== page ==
"Fraud,"the inspector replies. "And the €5,000 was laundered".
10.42am Asked about this €40,000 sum. the inspector says he verified that the transaction details and accounts matched "the communications which I had in hand."
Mercieca asks if he compared this transaction with the chats and then asked the accused about them.
The inspector says he did.
10.36am "What was the sum actually laundered?" the defence begins.
"€5000 went to account of Nicholas Cachia," the inspector replies.
However €40K was deposited into Fenech's account, he adds.
10.34am We're back. Inspector Camilleri takes the witness stand again under cross examination
10.22am The court is not at all pleased and takes a firm stand.
“The court had already informed the parties that today’s hearing was to reach prima facie stage and that’s how it will be!” says the magistrate.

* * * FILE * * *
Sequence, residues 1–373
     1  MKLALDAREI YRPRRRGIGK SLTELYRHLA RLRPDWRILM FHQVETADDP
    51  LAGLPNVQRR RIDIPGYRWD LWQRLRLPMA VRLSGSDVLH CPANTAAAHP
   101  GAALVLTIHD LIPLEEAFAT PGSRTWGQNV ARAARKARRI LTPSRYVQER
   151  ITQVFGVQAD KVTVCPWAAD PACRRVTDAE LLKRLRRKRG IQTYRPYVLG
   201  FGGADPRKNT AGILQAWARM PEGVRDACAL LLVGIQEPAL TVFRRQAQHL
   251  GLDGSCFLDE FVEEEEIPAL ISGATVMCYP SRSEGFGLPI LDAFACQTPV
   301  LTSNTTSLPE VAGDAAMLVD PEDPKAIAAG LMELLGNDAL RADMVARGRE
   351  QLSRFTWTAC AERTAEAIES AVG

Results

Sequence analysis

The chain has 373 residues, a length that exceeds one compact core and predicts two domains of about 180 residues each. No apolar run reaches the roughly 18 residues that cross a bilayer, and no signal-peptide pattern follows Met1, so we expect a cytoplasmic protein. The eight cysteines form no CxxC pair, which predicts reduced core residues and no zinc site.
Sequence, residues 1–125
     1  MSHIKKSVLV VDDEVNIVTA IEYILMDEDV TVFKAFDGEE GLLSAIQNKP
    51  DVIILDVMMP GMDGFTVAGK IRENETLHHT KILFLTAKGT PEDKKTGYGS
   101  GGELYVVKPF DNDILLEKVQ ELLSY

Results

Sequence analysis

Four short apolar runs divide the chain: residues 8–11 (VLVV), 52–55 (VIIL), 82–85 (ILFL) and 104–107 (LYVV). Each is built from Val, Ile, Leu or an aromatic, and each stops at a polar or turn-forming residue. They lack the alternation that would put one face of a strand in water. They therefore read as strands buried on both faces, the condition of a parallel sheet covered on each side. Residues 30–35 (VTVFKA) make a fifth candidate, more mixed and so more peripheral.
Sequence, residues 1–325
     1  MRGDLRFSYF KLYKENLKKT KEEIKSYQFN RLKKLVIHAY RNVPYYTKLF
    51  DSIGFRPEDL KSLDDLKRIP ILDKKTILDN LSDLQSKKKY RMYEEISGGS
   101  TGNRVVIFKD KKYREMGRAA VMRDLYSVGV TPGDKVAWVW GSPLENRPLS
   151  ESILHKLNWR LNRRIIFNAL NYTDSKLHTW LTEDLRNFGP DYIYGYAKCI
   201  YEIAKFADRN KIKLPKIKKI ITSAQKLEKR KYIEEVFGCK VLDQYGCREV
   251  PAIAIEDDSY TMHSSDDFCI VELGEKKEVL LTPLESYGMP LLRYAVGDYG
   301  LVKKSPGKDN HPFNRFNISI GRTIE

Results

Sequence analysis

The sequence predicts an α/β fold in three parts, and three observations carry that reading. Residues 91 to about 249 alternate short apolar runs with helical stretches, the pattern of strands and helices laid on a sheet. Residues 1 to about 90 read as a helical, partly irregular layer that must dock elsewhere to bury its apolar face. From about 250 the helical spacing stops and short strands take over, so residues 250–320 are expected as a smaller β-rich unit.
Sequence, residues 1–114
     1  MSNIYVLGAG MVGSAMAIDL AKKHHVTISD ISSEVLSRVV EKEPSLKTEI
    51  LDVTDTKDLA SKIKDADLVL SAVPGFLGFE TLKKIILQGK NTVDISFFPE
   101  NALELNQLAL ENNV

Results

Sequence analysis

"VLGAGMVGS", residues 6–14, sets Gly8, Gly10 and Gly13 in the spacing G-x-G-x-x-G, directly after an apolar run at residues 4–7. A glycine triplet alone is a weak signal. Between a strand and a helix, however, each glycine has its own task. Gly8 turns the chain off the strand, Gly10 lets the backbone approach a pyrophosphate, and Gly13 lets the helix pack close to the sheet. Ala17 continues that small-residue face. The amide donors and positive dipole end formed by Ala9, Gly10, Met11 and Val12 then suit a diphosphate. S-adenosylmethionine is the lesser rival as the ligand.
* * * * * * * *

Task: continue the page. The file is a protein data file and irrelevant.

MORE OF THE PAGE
"When you choose to arraign, you must put forward evidence and today both sides were informed that that evidence was to serve to reach a decision on the prima facie (ie: whether there are sufficient grounds to commit the accused to trial)”.
The court is suspended for 10 minutes while the defence prepares submissions.
10.15am The inspector says there is also the magisterial inquiry, but the note to wrap it up has not been filed yet.
Busy court schedule
10.12 am The magistrate says the court is inundated with cases and cannot concede another sitting in the near future. The court’s diary is jam packed. She can only allocate another hearing on Friday.
“It’s the prosecution’s prerogative when to arraign and they ought to have filled up the whole sitting," she says.
“You insisted on reading out each message and these chats mentioned 'fictitious transactions' here and there.”
She asks the prosecution what other evidence they have.